Skier’s thumb involves injury to the ligament situated on the interior of the thumb. Take note that this ligament is responsible for the movement of the thumb joint and provides stability for the thumb. Based on studies conducted, skier’s thumb is usually the result when an individual falls with a ski pole in the hand. The condition is also a result of direct force that is placed on the thumb joint.
What are the symptoms of skier’s thumb?
If the individual is suspected with skier’s thumb, he/she is likely to recall when he/she fell with the ski poles in the hand. The individual can experience tenderness along the interior of the thumb as well as bruising and swelling. The thumb of the individual will eventually lose its range of motion. In case the ligaments in the thumb are completely torn, the thumb appears unstable. The severity of the symptoms largely depends on the severity of the damage on the thumb.
Diagnosing skier’s thumb
Once skier’s thumb is suspected, the individual should stop skiing and consult a doctor. The doctor will take the medical history and ask the individual to describe how the injury was sustained. A physical examination will also be carried out. An X-ray will be taken to rule out a thumb fracture. In some cases, an MRI or CT scan will be performed to further evaluate the severity of the injury.
The treatment for skier’s thumb depends on the severity of the injury. If the ligaments are only partially torn, the injury can be treated with conservative measures. This includes an immobilization period of four weeks but based on the recommendations of the doctor as well as the severity of the injury. You can learn more about treatment options by enrolling in a course on first aid today.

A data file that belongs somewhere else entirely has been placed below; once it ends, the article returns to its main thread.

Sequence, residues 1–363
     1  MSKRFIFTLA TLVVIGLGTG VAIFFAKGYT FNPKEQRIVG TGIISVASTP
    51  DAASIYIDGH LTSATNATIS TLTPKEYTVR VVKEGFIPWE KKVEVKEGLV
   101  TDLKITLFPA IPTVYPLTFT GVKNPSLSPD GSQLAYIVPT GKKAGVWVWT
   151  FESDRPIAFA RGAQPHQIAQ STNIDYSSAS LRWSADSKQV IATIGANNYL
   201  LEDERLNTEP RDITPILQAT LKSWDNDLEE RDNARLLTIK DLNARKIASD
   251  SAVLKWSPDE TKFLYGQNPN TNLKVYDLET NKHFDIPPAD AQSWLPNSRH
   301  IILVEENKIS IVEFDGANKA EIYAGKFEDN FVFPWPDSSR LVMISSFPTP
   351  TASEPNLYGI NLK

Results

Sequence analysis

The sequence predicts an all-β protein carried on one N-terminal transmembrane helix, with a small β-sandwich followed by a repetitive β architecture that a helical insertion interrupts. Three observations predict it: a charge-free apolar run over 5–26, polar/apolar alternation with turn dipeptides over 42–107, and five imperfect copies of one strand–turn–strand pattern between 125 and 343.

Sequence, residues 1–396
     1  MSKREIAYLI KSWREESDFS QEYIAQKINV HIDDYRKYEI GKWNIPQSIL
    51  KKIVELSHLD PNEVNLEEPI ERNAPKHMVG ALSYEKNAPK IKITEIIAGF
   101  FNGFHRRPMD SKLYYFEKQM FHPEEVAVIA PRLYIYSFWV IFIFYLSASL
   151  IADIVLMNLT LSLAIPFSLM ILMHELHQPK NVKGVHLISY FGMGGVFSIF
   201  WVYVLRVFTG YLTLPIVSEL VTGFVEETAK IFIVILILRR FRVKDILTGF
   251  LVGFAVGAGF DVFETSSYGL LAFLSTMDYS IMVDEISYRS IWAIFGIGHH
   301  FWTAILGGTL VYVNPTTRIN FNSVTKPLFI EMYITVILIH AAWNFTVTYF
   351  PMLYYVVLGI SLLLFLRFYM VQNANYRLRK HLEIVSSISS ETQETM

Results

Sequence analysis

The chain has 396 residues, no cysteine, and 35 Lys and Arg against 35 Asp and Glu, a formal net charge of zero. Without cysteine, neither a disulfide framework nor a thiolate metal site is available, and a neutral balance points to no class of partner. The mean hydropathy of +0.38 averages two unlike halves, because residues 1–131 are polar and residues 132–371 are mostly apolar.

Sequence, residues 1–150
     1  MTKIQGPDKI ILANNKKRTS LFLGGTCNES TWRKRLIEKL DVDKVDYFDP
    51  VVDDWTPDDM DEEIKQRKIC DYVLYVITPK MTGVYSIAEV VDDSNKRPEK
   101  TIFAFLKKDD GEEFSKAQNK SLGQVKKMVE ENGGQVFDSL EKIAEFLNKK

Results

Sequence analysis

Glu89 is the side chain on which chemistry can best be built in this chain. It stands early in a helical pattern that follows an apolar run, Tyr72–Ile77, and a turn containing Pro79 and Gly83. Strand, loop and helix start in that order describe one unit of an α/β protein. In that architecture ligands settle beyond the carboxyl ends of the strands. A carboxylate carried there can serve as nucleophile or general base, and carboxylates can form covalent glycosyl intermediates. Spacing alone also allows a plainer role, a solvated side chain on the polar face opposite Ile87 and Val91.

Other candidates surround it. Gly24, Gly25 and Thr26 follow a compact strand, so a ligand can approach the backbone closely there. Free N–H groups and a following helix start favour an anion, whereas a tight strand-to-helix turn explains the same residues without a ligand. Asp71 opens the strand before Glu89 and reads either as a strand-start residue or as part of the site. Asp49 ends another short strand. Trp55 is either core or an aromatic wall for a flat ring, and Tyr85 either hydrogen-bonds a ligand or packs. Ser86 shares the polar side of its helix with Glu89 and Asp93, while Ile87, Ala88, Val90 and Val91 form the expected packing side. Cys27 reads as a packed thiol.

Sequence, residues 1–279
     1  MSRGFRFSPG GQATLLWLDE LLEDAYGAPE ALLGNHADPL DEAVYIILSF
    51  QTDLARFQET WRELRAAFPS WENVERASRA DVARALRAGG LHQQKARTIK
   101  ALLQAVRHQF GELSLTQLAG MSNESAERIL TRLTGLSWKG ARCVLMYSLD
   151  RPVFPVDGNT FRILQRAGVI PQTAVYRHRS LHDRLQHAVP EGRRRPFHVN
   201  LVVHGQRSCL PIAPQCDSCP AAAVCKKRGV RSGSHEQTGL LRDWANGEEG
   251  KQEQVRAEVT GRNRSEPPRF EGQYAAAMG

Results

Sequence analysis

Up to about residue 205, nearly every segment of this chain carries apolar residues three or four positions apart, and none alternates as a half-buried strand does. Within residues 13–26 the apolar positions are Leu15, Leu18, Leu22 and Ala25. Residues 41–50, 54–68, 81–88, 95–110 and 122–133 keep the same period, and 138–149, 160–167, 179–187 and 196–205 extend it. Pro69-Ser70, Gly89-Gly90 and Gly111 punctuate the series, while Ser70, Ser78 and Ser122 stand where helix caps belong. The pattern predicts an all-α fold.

The hand will also be placed in a short fiberglass cast. After the removal of the cast, the individual will be given a transferrable splint or brace that must be used for another two weeks. Once the cast is removed, therapy will be started. The therapy involves rebuilding strength and improving the range of motion in the thumb. The individual should not resume skiing until the doctor allows.
If the ligament in the thumb is completely torn, surgery is an option. The surgery will be performed to repair the damaged ligament. Right after surgery, the individual will use the cast for four weeks and another two weeks under a transferrable splint. Physical therapy is also a part of the treatment. Full recovery is expected within 3-4 hour months.
Since skier’s thumb is a traumatic injury, it can be difficult to predict when one occurs but there are steps to take to minimize the risk of developing the condition. If an individual is only learning to ski or has not skied for some time, poles must be avoided. The individual can learn how to ski by simply using the skis.